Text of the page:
Every country has a border of one sort or another, and there are numerous solutions on how to police them. Discussion of how an independent Western Cape could best police theirs will be necessary at some point, and it may very well be interesting to discuss now, but it certainly isn’t a pre-requisite for Western Cape voters to decide if they are happy for the other eight provinces to help choose their government for them.
The question of the economic viability of an independent Cape has been another popular refrain from opponents of the idea. The CIAG has consulted with several economists on this issue and all were unanimous in their belief that not only was an independent Western Cape economically viable, but, provided it was managed sensibly, that it would thrive. The Western Cape is a net contributor to the South African fiscus, and it has an economy the size of Namibia, Botswana and Zimbabwe combined. It has a strong tourism sector, a tech hub, a strong services sector and a large agricultural sector with the potential for significant growth. It now consistently creates most of the new employment opportunities in South Africa, and it is doing better than the rest of the country in attracting foreign investment. All these assets are currently inhibited by national government policy, and, pro-rata, the province is currently underfunded by the treasury relative to its population size.
It is fair for critics to state that this isn’t a detailed economic impact study, and that the economy is complex in nature. The CIAG is a relatively new organisation run on a not-for-profit basis. Its primary mandate is to promote the concept of Cape independence. We consistently work to both broaden and deepen the information available around secession, but common sense based on credible headline data can’t be suspended while we wait.
Intelligent contributions from those who might have genuine concerns about the economic viability of an independent Western Cape are very welcome. At this stage there hasn’t really been any. In early 2020, John Steenhuisen did suggest that the tax burden would increase in an independent Cape, and we publicly challenged him on the matter, providing data from the treasury, provincial government and Stats SA. We recognised that perhaps the DA had additional information which we hadn’t seen and asked for clarification. Instead, no-one from the DA has ever used that argument again.
Rather than factual arguments, what we have started to see from independence critics is unsubstantiated speculation. ‘Yes, but companies will relocate from the Cape to Gauteng’, ‘Yes, but the services sector is dependent upon the South African economy’, ‘Yes, but South Africa will impose trade tariffs on the Cape’. None of these are offered with a shred of supporting evidence, yet all are counter intuitive.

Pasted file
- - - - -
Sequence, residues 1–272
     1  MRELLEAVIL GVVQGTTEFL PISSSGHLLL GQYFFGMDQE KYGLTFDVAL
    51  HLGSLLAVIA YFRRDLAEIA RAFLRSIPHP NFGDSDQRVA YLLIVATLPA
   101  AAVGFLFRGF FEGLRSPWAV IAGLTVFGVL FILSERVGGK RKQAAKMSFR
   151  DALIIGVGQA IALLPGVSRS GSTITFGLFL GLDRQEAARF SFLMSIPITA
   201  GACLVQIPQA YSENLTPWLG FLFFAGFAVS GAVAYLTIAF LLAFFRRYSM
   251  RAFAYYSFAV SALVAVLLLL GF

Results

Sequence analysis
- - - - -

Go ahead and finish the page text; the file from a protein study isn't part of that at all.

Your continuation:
Why on earth, for example, would someone believe that in a country where over-regulation and policy uncertainty are the biggest obstacles to conducting business, once released from these burdens companies would then relocate their operations so that they could once again confront these obstacles? In the absence of compelling evidence to the contrary, experience shows that movement would be in the opposite direction. Gauteng may be the province with the largest inward internal migration, but Stats SA confirms that over the past 10 years 50% more people have migrated from Gauteng to the Western Cape than the other way around.
Ironically very few independence detractors have spoken about electricity, which is perhaps one of the Western Cape’s biggest challenges in any transitional period. Water, agriculture and climate change is another interesting topic.
The CIAG would welcome fact-based discussion papers on the structural issues surrounding independence from interested parties, while it will continue to facilitate the availability of information itself. In the meantime, it will continue to focus on its core mission: to promote independence and to influence the positions of people and organisations critical to the attainment of Cape Independence.
Returning to the framework for achieving independence, and the four stages; after ideology (referendum) and structure (negotiations), would come the implementation stage, where the structural changes agreed during the negotiations phase would be given effect. The final stage would occur post-independence, where political policy decisions would be made by the Cape of Good Hope electorate, who would appoint a government in the state’s inaugural general election.
We look forward to rigorous informed debate on many of these issues. Is there anyone out there capable of showing the Western Cape people that, on a factual basis, ‘They are NOT better off on their own’?